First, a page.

Digital Education for Health Professionals: An Evidence Map, Conceptual Framework, and Research Agenda

Lorainne Tudor Car, Selina Poon, Bhone Myint Kyaw, David A. Cook, Victoria Ward, Rifat Atun, Azeem Majeed, Jamie Johnston, Rianne M.J.J. van der Kleij, Mariam Molokhia, Florian V Wangenheim, Martin Lupton, Niels Chavannes, Onyema Ajuebor, Charles G. Prober, Josip Car

Research output: Contribution to journalReview articlepeer-review

25 Citations (Scopus)


BACKGROUND: Health professions education has undergone major changes with the advent and adoption of digital technologies worldwide. OBJECTIVE: This study aims to map the existing evidence and identify gaps and research priorities to enable robust and relevant research in digital health professions education. METHODS: We searched for systematic reviews on the digital education of practicing and student health care professionals. We searched MEDLINE, Embase, Cochrane Library, Educational Research Information Center, CINAHL, and gray literature sources from January 2014 to July 2020. A total of 2 authors independently screened the studies, extracted the data, and synthesized the findings. We outlined the key characteristics of the included reviews, the quality of the evidence they synthesized, and recommendations for future research. We mapped the empirical findings and research recommendations against the newly developed conceptual framework. RESULTS: We identified 77 eligible systematic reviews. All of them included experimental studies and evaluated the effectiveness of digital education interventions in different health care disciplines or different digital education modalities. Most reviews included studies on various digital education modalities (22/77, 29%), virtual reality (19/77, 25%), and online education (10/77, 13%). Most reviews focused on health professions education in general (36/77, 47%), surgery (13/77, 17%), and nursing (11/77, 14%). The reviews mainly assessed participants' skills (51/77, 66%) and knowledge (49/77, 64%) and included data from high-income countries (53/77, 69%). Our novel conceptual framework of digital health professions education comprises 6 key domains (context, infrastructure, education, learners, research, and quality improvement) and 16 subdomains. Finally, we identified 61 unique questions for future research in these reviews; these mapped to framework domains of education (29/61, 47% recommendations), context (17/61, 28% recommendations), infrastructure (9/61, 15% recommendations), learners (3/61, 5% recommendations), and research (3/61, 5% recommendations). CONCLUSIONS: We identified a large number of research questions regarding digital education, which collectively reflect a diverse and comprehensive research agenda. Our conceptual framework will help educators and researchers plan, develop, and study digital education. More evidence from low- and middle-income countries is needed.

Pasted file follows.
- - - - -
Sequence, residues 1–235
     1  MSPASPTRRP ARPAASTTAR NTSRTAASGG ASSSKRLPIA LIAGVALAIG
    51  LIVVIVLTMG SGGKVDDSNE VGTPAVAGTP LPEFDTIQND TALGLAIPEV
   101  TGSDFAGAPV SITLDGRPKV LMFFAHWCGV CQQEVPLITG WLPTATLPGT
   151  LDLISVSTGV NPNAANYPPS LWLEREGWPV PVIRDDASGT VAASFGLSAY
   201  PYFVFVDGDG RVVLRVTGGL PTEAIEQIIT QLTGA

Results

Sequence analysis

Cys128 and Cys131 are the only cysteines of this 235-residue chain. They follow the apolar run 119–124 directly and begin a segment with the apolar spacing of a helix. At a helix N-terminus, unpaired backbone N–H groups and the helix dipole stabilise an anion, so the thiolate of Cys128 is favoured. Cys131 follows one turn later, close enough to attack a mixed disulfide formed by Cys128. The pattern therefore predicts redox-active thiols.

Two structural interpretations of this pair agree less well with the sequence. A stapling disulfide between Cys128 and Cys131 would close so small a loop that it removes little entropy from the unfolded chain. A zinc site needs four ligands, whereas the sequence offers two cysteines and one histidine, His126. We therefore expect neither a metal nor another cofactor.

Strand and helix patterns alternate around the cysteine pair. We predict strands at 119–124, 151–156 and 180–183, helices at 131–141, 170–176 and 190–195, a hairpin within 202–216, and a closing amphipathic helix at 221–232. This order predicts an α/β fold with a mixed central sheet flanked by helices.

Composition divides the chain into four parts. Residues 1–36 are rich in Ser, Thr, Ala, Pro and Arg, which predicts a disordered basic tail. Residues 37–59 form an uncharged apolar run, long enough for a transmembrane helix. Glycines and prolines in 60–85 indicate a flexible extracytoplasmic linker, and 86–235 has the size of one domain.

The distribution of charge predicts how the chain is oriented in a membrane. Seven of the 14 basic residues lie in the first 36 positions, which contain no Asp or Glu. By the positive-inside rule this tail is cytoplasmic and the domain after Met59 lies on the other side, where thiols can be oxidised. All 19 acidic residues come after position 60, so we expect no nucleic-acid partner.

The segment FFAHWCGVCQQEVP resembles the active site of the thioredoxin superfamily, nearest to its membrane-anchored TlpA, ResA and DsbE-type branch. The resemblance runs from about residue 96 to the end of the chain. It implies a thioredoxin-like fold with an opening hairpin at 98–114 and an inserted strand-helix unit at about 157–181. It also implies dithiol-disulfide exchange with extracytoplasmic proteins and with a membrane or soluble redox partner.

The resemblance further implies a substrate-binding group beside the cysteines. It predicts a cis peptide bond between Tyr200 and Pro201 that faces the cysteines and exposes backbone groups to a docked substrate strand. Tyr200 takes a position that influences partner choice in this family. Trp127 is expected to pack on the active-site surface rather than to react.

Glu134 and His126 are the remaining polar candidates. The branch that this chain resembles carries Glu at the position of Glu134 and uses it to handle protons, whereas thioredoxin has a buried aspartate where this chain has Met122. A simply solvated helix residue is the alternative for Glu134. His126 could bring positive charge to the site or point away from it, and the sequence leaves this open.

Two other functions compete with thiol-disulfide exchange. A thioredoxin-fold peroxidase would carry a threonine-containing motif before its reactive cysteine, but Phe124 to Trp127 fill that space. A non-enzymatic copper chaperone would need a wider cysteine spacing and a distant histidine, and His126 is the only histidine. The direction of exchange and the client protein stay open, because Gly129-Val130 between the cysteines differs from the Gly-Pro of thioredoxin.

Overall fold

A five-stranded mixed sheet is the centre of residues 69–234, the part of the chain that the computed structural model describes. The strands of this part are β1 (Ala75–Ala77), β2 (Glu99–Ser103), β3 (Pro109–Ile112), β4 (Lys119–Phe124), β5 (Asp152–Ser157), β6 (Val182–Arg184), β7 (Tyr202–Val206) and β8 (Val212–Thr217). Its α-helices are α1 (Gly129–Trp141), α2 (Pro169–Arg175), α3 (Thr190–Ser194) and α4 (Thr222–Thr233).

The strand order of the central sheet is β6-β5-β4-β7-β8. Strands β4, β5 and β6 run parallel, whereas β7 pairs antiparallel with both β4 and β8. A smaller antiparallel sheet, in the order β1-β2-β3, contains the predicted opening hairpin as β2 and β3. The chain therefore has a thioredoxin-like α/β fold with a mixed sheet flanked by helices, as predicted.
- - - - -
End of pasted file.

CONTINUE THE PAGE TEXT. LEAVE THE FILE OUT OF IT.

Original languageEnglish
Article numbere31977
Pages (from-to)e31977
JournalJournal of Medical Internet Research
Issue number3
Publication statusPublished - 17 Mar 2022


  • conceptual framework
  • digital education
  • evidence map
  • health professions education
  • mobile phone
  • research questions
  • systematic review


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